Skip to main content

Iraqi Pipeline to Aqaba Sparks Memories of Kirkuk-Haifa Line

The oil pipeline to be constructed between Baghdad and Aqaba raises fond memories among Israelis of the Mandate-era Kirkuk-Haifa oil pipeline, a time that many would be happy to resurrect, writes Jacky Hugi. 
People are seen as the sun sets over a beach in the Aqaba Gulf on the Red Sea, south of Amman November 25, 2011. Picture taken November 25, 2011. REUTERS/Muhammad Hamed (JORDAN - Tags: SOCIETY)
Read in 

The announcement from the office of Iraqi Prime Minister Nouri Al-Maliki was short. It was released only a few hours after his return from a short visit to Jordan where he met with Jordanian King Abdullah II. Baghdad, Maliki said, will provide crude oil to Jordan via a new pipeline that will reach the city of Aqaba on the coast of the Red Sea, only a few hundred meters from the Israeli border. This is a double blessing for Jordan, as it will provide an alternative to natural gas from Egypt; the latter supply was lost because of sabotage of the Egyptian pipeline in the Sinai Peninsula. In addition, [the transport of Iraqi oil by pipeline] will save the Jordanians the expenses involved in the transport of oil [by vehicles] that is done today.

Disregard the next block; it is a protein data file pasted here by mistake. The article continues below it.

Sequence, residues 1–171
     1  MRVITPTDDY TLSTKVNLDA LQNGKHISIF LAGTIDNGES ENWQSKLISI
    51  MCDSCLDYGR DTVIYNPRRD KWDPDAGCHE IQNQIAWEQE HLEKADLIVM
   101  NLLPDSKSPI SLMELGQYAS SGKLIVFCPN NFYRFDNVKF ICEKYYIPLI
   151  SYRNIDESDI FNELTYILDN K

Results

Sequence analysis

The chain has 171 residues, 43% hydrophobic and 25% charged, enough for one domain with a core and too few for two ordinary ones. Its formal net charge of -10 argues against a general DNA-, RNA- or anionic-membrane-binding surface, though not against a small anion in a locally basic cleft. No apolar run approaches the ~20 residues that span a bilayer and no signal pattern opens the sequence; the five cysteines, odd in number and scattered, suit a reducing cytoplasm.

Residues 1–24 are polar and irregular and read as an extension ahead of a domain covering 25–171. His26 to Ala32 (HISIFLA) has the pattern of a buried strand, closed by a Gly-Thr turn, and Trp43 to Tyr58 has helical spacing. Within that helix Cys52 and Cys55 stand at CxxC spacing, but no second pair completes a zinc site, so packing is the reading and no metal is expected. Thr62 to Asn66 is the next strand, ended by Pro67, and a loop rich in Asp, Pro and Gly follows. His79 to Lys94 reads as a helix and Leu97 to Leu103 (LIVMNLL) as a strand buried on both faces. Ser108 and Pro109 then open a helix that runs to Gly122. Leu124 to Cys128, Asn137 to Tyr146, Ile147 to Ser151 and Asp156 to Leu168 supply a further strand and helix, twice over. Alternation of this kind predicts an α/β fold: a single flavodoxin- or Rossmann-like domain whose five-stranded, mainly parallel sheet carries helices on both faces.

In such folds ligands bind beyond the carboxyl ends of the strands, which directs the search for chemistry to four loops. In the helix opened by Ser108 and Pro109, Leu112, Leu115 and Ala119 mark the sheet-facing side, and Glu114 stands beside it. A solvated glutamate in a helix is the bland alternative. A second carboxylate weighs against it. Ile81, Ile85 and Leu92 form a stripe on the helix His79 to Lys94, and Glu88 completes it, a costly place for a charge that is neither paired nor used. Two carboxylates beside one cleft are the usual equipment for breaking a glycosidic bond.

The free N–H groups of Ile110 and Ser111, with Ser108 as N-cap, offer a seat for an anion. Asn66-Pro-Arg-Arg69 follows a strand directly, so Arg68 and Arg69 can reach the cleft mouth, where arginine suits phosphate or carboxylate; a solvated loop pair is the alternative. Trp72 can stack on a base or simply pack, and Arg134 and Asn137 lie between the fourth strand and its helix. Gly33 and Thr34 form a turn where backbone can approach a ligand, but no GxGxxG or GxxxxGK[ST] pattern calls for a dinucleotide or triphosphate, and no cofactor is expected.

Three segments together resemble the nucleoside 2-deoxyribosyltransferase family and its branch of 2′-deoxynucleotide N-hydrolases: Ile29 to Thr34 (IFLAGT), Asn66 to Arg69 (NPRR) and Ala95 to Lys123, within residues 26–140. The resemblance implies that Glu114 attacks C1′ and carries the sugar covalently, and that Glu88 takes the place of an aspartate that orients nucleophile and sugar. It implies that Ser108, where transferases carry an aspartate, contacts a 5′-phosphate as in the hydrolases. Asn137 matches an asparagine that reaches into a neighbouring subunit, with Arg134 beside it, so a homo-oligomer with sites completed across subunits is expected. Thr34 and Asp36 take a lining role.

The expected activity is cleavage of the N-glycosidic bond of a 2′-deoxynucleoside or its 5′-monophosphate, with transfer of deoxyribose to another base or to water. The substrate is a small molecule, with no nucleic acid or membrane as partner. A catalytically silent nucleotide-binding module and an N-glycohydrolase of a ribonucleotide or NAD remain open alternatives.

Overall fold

Maliki’s pipeline will stop in Hashemite Kingdom territory very close to the Israeli border in Eilat. This brings us back to the good old days when we were able to inhale Iraqi oil here in Israel. The pipeline constructed by the Iraqi national company extended from Kirkuk [Mosul] through Jordanian territory to reach refineries in [Israel’s] Haifa; from Haifa the oil was sent by sea to Europe. This pipeline was constructed in 1935 and operated for 13 years. Iraq, Jordan and the land of Israel [Palestine] were then British colonies, and internal trade was routine. Moreover, Iraqi experts assisted in the construction of the refineries in Haifa and dealt with searching for oil here. Even then, terrorists used to sabotage the energy installations. Arab fighters struck the pipeline during the Arab Revolt in Palestine (1936-1939). A decade later, fighters of the Hebrew underground Etzel movement sabotaged the line. But the pipeline survived [all those attacks] only to receive its death warrant under political circumstances. The pipeline ceased operating when the British evacuated the land of Israel in May 1948 [when the state of Israel was established].

Access the Middle East news and analysis you can trust

Join our community of Middle East readers to experience all of Al-Monitor, including 24/7 news, analyses, memos, reports and newsletters.


Only $100 per year.